The employment of these experts engaged in experimental work in developing tabulating machinery would be clearly the employment of persons in a bureau of an Executive Department located at the seat of government, and their employment is not specifically provided for by the terms of the appropriation in question.
The Director of the Census is authorized -I might put it stronger, directed—to conduct this experimental work. It seems to me that the nature of this experimental work must determine the question whether the later appropriation act and the act of 1882, supra, are in utter and irreconcilable antagonism.
If it is such work as can be accomplished by the force provided by law for the Census Office, there is no conflict or antagonism between the two provisions of law, and the appropriation act of February 3, 1905, supra, when read in connection with the act of 1882, is clearly not available to employ and pay other and additional employees in the Census Office than those otherwise specifically provided for by law. On the contrary, if this experimental work can not be accom
plished by the regular and provided force of the Census Office, there is an utter and irreconcilable conflict between the two acts. The one commands a thing to be done, the other forbids the use of the only means of its accomplishment. In such a case the older law must give way to the newer one.
You say there is no person in the employ of the Department possessing the qualifications necessary to perform this experimental work, and that unless such services can be procured it will be impossible to conduct the work of experimentation provided for in the latter appropriation.
Taking these statements as true, I am of opinion that the latter act necessarily suspends the operation of the act of 1882, supra, and by implication repeals it as regards the employment of such experts as will be necessary to execute the latter law. See 8 Comp. Dec., 258.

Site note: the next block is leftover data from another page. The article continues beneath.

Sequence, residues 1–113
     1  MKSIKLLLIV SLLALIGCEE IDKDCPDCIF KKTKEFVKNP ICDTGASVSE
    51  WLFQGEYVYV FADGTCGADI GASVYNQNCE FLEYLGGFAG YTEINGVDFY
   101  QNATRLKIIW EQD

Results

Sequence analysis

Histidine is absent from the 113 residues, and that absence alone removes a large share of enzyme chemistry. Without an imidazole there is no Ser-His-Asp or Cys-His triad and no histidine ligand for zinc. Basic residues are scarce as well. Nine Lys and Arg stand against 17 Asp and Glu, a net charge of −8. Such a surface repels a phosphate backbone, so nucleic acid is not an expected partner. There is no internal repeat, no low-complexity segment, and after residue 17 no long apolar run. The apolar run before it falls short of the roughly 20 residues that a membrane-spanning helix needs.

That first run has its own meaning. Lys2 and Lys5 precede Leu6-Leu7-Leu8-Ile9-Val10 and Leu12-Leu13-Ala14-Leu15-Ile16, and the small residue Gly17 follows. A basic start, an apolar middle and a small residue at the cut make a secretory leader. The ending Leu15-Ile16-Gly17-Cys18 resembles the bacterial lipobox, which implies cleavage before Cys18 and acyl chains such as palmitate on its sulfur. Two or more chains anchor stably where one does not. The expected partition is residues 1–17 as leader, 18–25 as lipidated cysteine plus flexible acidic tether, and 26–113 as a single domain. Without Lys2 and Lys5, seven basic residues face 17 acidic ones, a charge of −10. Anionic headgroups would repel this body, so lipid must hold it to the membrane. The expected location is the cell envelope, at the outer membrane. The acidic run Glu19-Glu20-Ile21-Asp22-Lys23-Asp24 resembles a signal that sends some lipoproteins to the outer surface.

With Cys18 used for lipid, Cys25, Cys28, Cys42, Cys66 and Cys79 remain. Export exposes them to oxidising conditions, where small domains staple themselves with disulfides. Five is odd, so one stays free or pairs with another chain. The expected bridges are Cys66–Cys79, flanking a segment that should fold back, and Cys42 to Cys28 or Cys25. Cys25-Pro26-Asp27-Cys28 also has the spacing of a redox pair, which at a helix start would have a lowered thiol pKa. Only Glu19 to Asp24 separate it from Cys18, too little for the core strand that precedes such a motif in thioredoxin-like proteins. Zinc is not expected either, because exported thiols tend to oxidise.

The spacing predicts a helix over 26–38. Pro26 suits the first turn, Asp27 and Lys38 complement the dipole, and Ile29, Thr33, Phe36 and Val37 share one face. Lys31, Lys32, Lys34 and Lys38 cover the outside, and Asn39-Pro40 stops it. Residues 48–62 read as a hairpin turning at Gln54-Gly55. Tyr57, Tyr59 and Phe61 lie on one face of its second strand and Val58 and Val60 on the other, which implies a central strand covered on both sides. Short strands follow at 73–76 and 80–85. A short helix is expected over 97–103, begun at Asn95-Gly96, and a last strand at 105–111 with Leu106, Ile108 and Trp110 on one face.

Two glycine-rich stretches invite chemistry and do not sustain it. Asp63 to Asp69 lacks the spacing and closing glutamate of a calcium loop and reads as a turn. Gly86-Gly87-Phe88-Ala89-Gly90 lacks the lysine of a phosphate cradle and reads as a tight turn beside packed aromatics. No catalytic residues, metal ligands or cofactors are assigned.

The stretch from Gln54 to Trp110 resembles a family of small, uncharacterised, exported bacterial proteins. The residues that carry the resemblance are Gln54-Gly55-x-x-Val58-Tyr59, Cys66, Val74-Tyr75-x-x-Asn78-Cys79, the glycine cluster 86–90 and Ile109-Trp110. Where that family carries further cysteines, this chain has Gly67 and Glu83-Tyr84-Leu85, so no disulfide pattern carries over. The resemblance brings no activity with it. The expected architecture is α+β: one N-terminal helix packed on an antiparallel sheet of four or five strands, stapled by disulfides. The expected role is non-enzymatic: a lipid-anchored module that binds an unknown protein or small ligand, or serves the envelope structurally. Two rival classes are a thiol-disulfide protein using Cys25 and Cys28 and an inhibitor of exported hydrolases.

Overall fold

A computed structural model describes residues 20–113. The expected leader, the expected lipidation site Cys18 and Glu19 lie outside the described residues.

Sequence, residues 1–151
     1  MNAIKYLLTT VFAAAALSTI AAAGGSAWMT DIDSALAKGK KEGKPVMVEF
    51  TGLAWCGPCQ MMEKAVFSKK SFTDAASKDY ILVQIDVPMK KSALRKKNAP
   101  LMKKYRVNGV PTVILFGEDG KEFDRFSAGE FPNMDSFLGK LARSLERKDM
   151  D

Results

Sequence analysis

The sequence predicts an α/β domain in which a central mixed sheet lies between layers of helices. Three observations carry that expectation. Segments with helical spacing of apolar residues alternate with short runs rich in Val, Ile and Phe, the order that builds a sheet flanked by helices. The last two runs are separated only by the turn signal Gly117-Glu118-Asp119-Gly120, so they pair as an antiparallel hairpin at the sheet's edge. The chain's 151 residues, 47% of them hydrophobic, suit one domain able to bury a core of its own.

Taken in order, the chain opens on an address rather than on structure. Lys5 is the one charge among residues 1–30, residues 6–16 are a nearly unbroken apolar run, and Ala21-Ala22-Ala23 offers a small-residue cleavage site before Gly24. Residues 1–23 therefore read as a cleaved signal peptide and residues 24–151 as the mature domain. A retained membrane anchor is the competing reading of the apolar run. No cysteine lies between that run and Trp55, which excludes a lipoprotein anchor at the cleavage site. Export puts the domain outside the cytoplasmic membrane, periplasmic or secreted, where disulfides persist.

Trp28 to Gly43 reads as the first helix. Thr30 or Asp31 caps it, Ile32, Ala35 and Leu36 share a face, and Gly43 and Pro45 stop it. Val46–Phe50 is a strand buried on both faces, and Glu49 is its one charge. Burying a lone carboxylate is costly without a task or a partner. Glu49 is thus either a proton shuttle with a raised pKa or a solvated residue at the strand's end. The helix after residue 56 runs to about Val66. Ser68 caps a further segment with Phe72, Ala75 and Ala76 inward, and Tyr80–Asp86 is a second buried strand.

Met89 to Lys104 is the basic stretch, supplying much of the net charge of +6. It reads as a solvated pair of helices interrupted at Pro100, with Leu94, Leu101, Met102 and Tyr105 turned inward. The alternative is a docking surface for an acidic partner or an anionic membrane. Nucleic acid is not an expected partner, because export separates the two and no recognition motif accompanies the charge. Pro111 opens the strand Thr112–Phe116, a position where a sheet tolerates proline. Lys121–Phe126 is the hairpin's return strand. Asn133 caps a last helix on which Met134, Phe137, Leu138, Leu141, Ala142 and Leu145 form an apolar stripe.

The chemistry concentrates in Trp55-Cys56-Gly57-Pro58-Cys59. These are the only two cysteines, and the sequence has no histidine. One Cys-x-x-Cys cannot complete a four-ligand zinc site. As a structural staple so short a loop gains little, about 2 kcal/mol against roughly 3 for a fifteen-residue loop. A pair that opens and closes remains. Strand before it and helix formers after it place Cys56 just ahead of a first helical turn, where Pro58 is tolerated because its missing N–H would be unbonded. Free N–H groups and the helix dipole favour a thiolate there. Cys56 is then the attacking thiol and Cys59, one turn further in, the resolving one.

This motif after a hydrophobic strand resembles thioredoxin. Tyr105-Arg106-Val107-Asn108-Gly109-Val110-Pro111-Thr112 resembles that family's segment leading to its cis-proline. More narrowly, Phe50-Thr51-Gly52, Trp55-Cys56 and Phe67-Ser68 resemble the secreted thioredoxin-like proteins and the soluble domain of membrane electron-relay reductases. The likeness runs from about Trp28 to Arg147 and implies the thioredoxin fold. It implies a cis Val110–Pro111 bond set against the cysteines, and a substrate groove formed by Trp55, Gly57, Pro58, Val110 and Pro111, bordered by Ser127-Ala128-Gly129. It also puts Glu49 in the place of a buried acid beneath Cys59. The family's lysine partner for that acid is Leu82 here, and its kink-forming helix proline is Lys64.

EXPENSES OF LAST SICKNESS OF DECEASED
When a chronic disease reaches that stage in its progress where the patient
requires the constant care and attention of another person, it should from such time on be considered his “last sickness,” within the meaning of the provision in the act of March 2, 1895, for the payment of
the expenses of the last sickness of deceased pensioners. (Decision by Assistant Comptroller Mitchell, June 30, 1905.)
Mary B. Blackburn appealed, June 19, 1905, from the action of the Auditor for the Interior Department in settlement dated February 15, 1905.
She claimed reimbursement for expenses incurred during the last sickness and burial of her mother, Nancy Leatherman, a pensioner, who died December 1, 1902, leaving no minor child or children and having no assets.
Subsequent to her death she was granted a pension at the rate of $8 per month from June 13, 1892, to the date of her death, aggregating $1,005.07.
The items of her claim are as follows:
Medical attention by Doctor Sherrill, from 1884 to 1899....
500.00 1, 460.00
2, 175. 75